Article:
Millbrook Furnishings Ltd carried out work for the Ministry of Defence (MoD) for many years renovating wood and metal furniture. Between 2003 and 2008 it did so as a sub-contractor to Amaryllis. From December 2012 the MoD awarded new contracts under a framework agreement. In 2014 the furnishings renovations contract was retendered among four contractors on the framework agreement. Millbrook was unsuccessful on the retender and, instead, the contract was awarded to Amaryllis.

The question was whether there was an organised grouping of employees in place prior to the transfer to work to Amaryllis, the principal purpose of which was to carry out the activities concerned on behalf of the MoD.

It was accepted that Millbrook's employees were spending just shy of 70% of their time on the MoD renovations contract. Nonetheless the Employment Judge considered that it was appropriate to consider evidence relating to the past. The Employment Judge was satisfied that the department had originally been set up with the specific purpose of servicing the MoD contracts, and although that grouping now serviced other customers, the MoD was still the largest customer. He found TUPE applied.

Amaryllis appealed. The EAT upheld the appeal. It was not sufficient that a department carries out significant work for a client. It must be organised for the principal purpose of carrying out that work for the client. The relevant time is immediately before the transfer.

The Employment Judge was wrong to look at the matter on an historic basis. And it was incorrect to take into account work done on furniture renovation by Millbrook between 2003 and 2008 when Millbrook was a subcontractor of Amaryllis. During this time the MoD was not a client of Millbrook. Millbrook's client for this work was Amaryllis. That period could not be taken into account since, even if there were, during that period, an organised grouping of employees, the grouping concerned was not dedicated to carrying out the activities for the relevant client.

Unfair Dismissal: Procedure and Polkey

Thanks to James Medhurst of Hill Hofstetter for preparing this case summary
Can a dismissal be found to be procedurally unfair without specifying the breach of procedure?

No, held the EAT in Express Medicals v O'Donnell.

The Claimant was the minority shareholder in a company. There were discussions with the majority shareholder to negotiate an exit, after a falling out between them, but he was dismissed while the process was still continuing. The employment tribunal noted that there was an "ongoing discussion and dialogue" but found the dismissal unfair because "no particular procedure" had been followed.

The Respondent argued that this was a dismissal for some other substantial reason but neither party addressed the issue of whether the ACAS Code of Practice would apply, and nor did the employment tribunal make a finding on the point. In circumstances where there had already been some dialogue between the parties, it also failed to specify what further steps the Respondent ought to have taken.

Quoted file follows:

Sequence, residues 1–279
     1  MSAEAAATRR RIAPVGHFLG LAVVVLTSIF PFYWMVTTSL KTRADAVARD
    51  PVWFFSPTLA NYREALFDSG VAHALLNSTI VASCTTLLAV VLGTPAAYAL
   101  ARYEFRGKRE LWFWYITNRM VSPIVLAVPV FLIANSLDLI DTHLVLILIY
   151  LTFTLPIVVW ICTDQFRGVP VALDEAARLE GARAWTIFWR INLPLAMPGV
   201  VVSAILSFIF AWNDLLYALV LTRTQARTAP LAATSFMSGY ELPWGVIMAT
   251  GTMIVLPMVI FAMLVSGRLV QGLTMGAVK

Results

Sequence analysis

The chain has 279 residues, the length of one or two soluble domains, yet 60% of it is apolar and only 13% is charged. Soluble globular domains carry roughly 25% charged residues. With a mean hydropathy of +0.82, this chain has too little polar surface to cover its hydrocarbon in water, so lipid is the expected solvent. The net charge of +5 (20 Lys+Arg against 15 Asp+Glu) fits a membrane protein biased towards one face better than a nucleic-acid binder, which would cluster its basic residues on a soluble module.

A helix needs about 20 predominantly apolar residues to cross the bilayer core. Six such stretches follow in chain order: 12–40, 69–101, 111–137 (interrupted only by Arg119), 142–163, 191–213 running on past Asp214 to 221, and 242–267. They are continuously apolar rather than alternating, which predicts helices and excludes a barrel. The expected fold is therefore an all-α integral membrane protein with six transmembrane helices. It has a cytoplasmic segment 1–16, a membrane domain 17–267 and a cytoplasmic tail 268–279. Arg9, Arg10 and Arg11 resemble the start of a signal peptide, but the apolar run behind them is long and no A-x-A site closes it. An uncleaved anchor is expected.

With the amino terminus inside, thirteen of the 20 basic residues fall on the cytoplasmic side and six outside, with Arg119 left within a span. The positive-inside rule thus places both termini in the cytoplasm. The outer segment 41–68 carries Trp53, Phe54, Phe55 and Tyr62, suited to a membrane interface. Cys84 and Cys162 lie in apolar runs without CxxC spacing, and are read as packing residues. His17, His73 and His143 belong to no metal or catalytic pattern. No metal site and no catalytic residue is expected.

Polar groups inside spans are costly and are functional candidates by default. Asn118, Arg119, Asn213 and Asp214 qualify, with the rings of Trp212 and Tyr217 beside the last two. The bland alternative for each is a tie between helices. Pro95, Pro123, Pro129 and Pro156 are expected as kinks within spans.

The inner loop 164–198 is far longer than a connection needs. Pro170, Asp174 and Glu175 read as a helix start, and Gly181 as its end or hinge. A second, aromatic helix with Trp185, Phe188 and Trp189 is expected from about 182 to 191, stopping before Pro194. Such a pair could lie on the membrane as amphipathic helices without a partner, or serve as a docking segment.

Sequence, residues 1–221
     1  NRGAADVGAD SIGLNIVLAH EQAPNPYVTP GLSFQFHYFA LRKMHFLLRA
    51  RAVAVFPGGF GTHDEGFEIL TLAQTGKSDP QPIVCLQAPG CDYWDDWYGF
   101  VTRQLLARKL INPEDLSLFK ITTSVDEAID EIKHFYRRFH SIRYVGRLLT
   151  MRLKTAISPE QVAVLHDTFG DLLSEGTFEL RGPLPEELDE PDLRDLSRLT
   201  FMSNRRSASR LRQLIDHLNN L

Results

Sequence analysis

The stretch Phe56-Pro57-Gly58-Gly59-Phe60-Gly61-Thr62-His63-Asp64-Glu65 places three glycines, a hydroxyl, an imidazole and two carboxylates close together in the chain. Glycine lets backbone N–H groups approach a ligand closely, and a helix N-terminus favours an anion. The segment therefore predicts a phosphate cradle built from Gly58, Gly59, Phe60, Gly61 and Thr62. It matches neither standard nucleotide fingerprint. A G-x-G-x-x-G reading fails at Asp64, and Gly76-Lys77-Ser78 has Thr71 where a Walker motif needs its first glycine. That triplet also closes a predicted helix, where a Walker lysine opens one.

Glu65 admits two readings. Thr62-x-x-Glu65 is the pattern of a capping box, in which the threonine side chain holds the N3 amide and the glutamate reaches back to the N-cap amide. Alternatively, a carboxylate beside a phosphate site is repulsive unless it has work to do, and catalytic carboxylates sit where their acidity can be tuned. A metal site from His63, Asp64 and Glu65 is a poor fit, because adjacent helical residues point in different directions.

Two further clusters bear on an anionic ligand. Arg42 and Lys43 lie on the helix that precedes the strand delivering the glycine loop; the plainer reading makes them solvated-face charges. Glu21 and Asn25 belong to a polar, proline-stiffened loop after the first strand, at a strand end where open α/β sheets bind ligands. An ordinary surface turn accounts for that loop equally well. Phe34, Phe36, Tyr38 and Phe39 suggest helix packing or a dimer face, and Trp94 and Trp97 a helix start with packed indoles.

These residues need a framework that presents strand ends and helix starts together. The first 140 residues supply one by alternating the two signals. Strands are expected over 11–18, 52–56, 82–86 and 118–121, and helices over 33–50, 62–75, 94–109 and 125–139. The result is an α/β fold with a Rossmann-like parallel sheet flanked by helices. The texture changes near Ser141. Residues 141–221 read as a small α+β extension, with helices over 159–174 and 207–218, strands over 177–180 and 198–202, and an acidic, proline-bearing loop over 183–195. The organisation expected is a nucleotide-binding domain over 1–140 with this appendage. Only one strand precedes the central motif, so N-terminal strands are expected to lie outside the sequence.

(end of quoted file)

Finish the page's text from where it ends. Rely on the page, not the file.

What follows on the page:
It was a further error not to make a Polkey deduction where there had been a finding of fact that the relationship had "seriously deteriorated and could not necessarily be considered to remain tenable".

Wednesday 8 June 2016

Age Discrimination and National Minimum Wage

The House of Commons library has produced a debate pack (ie briefing note for MPs) on the interaction between bands of the national minimum wage and age discrimination.

It is intended to inform intelligent discussion in a forthcoming Westminster Hall debate about the introduction of the National Living Wage alongside a new 21-24 year old age band, which has led to renewed interest in the rationale behind minimum wage age-banding, fears that workers over 25 would be discriminated against in favour of younger, cheaper, workers and concerns that workers aged 21-24 are now ineligible for the full minimum wage.

The rationale for minimum wage age banding has typically been that younger workers occupy a more vulnerable position in the labour market, with a greater need to acquire experience, and that if younger workers were eligible for the full minimum wage they might be priced out of the labour market.

Friday 3 June 2016

Consultation: Changes to IR35 in the public sector

HMRC has issued a consultation document.

It proposes that where individuals offer services to public sector 'employers' through an intermediary, such as a limited company, it will become the public body's responsibility to operate the IR35 regime and pay the tax, rather than the individual/intermediary. This is intended to crack down on what is seen as widespread abuse of the IR35 system and resultant non payment of tax.

These proposals will not affect the operation of IR35 in the private sector.

The closing date for comments is 18 August 2016.

Thursday 2 June 2016

Muslims, headscarfs and direct discrimination

Thanks to Miranda de Savorgnani of Outer Temple Chambers for preparing this case summary
Is it direct discrimination for a private employer to prohibit a Muslim employee from wearing a headscarf in the workplace?

Not if the prohibition stems from a general neutrality policy, opines Advocate General Kokott ahead of the European Court of Justice's first judgment on religious discrimination under the Equality Directive, Achbita v Centrum voor gelijkheid van kansen en voor racismebestrijding.

Three years into her employment at a Belgian security company, a Muslim employee began to wear a headscarf at work despite a company rule which prohibited the wearing of any visible signs of political, philosophical or religious beliefs. She was dismissed and appealed through the courts to the Belgian Constitutional Court which posed the question to the ECJ.

AG Kokott considers that as the neutrality policy is not limited to religious beliefs, it could at most amount to indirect discrimination. Even then, it may be objectively justified as an occupational requirement, subject to a proportionality assessment based on the size and conspicuousness of the symbol, the nature and context of the employee's activity, and the national identity of the Member State concerned.

AG Kokott distinguishes this case from the finding of religious discrimination by the European Court of Human Rights in Eweida v United Kingdom, where a similar neutrality policy had not been applied consistently to individual employees.